Chapter 13 Stay Protects Co-Debtors
One of the most beneficial aspects of a Chapter 13 bankruptcy is the Co-Debtor Stay. This protection is designed to insulate the debtor from indirect creditor pressure through friends or relatives. The Co-Debtor Stay prohibits collection actions against an individual who has a joint consumer obligated with the debtor in bankruptcy. The Co-Debtor Stay starts automatically when the Chapter 13 bankruptcy case is filed and continues until the case is closed, dismissed, or converted to Chapter 7 or 11. Free Consultation
The Co-Debtor Stay is intended to protect the bankruptcy debtor, not the co-debtor. The Co-Debtor Stay does not eliminate the co-debtor’s legal obligation to pay the debt. However, the Co-Debtor Stay prevents collection action by the creditor against the co-debtor during the pendency of the Chapter 13 case. Free Consultation
There are some limitations to the Co-Debtor Stay. The Co-Debtor Stay is only available in a Chapter 13 case, and does not apply in Chapter 7 or 11 cases. The Co-Debtor Stay does not prohibit collection action on business debts. Finally, a joint obligation on a tax debt is generally not considered a consumer debt.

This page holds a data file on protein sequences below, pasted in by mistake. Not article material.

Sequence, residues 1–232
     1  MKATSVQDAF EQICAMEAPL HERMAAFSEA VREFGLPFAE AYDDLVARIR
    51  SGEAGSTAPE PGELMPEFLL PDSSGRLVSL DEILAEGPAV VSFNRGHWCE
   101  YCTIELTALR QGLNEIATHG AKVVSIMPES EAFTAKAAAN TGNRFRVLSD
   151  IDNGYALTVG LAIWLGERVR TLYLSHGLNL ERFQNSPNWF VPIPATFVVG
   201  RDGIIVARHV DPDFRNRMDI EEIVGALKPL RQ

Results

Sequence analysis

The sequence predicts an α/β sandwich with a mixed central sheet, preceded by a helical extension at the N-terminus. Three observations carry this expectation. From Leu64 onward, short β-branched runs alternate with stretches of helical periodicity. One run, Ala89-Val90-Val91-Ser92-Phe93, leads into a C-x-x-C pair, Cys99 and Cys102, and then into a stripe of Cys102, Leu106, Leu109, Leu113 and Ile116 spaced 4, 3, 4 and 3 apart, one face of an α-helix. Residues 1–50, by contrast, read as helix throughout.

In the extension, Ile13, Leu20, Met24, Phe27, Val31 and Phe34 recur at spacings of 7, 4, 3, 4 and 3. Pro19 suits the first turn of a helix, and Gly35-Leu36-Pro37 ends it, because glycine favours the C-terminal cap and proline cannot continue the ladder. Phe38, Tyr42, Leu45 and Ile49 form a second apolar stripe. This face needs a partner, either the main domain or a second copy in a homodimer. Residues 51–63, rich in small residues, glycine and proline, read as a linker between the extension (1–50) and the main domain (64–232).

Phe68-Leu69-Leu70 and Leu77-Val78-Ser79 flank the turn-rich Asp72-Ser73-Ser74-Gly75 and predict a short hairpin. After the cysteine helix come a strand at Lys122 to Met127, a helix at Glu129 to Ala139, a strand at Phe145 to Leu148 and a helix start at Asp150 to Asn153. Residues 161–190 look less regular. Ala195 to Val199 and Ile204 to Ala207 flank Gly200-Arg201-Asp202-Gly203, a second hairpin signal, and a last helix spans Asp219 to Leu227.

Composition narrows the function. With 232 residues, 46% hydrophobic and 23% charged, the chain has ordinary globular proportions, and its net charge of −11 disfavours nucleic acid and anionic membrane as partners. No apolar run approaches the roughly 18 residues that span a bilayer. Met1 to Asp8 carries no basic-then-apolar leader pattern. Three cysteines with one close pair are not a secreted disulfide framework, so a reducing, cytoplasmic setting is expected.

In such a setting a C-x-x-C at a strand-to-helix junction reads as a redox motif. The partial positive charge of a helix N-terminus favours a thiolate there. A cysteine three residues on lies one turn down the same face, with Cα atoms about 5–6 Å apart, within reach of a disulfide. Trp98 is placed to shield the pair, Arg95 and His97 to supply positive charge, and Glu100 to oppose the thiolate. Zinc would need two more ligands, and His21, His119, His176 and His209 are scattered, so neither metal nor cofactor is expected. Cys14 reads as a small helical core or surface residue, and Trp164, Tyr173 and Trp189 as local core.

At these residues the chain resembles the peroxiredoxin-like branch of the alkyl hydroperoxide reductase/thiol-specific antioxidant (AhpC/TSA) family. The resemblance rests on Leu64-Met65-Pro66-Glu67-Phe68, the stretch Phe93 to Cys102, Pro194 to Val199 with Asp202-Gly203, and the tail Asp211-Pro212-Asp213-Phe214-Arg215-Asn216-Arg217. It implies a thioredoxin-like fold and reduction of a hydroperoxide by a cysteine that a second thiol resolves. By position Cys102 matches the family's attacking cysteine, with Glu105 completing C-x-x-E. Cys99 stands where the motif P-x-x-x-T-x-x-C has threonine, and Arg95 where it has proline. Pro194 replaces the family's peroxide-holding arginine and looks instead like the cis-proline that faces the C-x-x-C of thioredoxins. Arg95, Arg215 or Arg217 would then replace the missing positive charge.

The Co-Debtor Stay can also be modified or terminated by the bankruptcy court. A creditor may be successful in terminating the Co-Debtor Stay if your bankruptcy plan proposes to not pay the debt, if the creditor’s interests would be irreparably harmed by continuation of the Co-Debtor Stay, or if the co-debtor received "consideration" for the debt (e.g. you cosigned a car loan for a relative, who actually owns the car). Free Consultation
If a creditor knowingly violated the Co-Debtor Stay, the bankruptcy court may find the creditor in contempt of court and impose a fine and award damages, including attorney’s fees. Any collection action taken by a creditor in violation of the Co-Debtor Stay is void. Free Consultation
If you have joint debts and are considering bankruptcy, speak to an experienced attorney and discover the benefits and protections of a Chapter 13 bankruptcy. A Chapter 13 bankruptcy case can stop collection action against you and your co-debtors, and give you time to repay or eliminate your debts. An experienced bankruptcy attorney can help you analyze your financial situation and choose the best strategy for resolving your debt problems. Free Consultation